It can be from pushing from the left or over use of the hands/forearms in the takeaway. Check out the 5 Mins to Master Rotation and 5 Mins to Master Takeaway in the Full Swing Program Takeaway Section and key in on how minimal the hands/arms rotate. You can also check out the Bucket Drill in the same section to make sure your not dumping the "water" behind you due to over rotation.
May 21, 2014
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Jeffrey
I've looked at a lot of videos and I'm still a bit confused about when the right arm bends. On some videos I see it bending right after move one and the beginning of move two. Other videos say to keep the right arm straight as long as possible. I find that if I bend it early, after move one I have more success. If I try to keep it straight longer and bend it near the completion of my shoulder rotation I get into all kinds of trouble.
May 11, 2014
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Chris (Certified RST Instructor)
Hey Jeff, the right arm should flex right at the completion of the takeaway. We have some videos that talk about keeping the right arm straight to turn and that is addressing a very common issue we see around the site with people getting to armsy very early on and then creating momentum in the club which then leads to the right arm breaking early. When the arms get moving like this, it shuts down the rotation.
May 12, 2014
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brad
A couple questions on the takeaway. 1) should I think of the takeaway as right shoulder blade only controlling the movement? 2) also, I had right shoulder surgery and cannot externally rotate my arm, hence I think that is the reason I get the flying elbow and right arm collapse. I can get close to 90 degrees, but that is it. Any suggestions? Thank you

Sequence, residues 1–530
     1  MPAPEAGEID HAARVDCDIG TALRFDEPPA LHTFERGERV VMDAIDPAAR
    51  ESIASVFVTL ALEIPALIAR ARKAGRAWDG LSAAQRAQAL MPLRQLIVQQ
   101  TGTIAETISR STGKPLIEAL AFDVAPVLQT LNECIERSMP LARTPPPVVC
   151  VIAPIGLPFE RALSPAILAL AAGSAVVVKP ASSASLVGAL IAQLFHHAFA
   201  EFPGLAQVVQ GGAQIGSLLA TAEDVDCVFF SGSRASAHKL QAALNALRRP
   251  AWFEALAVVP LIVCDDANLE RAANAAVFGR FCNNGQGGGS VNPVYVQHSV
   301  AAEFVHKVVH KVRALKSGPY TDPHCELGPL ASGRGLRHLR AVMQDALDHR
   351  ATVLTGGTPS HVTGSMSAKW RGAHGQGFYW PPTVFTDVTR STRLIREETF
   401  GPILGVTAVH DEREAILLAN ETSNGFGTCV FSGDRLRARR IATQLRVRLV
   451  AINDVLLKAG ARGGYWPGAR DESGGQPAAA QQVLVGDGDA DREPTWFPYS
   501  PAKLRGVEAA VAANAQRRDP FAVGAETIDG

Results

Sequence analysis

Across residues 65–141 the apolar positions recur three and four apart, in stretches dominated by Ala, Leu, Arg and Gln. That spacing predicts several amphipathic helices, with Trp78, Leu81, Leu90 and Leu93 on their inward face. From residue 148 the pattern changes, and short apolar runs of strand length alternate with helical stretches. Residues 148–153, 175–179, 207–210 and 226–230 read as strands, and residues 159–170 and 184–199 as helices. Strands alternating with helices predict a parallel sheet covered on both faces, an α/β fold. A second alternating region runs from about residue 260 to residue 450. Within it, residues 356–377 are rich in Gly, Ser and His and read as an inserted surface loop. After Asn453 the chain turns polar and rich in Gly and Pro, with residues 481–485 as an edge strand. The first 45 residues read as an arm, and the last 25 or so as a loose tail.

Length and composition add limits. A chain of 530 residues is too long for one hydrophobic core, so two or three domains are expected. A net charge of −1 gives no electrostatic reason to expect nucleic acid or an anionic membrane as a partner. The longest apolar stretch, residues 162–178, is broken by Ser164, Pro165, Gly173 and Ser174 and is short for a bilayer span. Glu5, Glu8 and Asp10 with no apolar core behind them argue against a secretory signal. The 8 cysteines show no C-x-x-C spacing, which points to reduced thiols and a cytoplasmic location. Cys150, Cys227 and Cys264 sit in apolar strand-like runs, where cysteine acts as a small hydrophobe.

April 17, 2014
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Chris (Certified RST Instructor)
The right shoulder blade along with the right obliques will start the takeaway. Make sure that you are not pushing the club back with the lead arm if you have not ability to externally rotate the humerus. If you push, that is when you can get the hands and arms deep and lose the elbow behind the body.
April 18, 2014
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David
My final comment at this time to your patient self is that right now (Tomorrow actually) is probably my best time to participate in greater-than-usual RHS activity, my LHS being injured! I have planned to do at least a couple of hours putting practice tomorrow at my golf club facilities, I guess "leaning" more on RHS than usual could be seen as some sort of a bonus? Some of us like to utilise the builders' chalk line device, although my pros prefer to not develop any sort of dependence on it! On another front, recently I have found a great interest in BOUNCE chipping, largely because it seems to not require ANY precision apart from ensuring the trailing edge definitely makes ground contact, almost anywhere behind the ball. It is so forgiving that I can even chip from a downhill putting surface (to show off!. It has become my go-to chip! Tinkering with extending this to up-to 20 yards pitch, particularly from bad lies...? Gap wedge 53 degrees. I have been advised that practicing RIGHT HAND ONLY improves technique, particularly requiring the RHS chest "de-pivot" through/past impact. You see where I am going with this, tomorrow in mind, don't you. Anyway, best wishes to you all over there @ RST. Hope to get back again after my physical recovery. p.s. I wonder if a softer/less rigid/almost rope-like LHS arm (through elbow) would lessen or aggravate release impact for my current condition?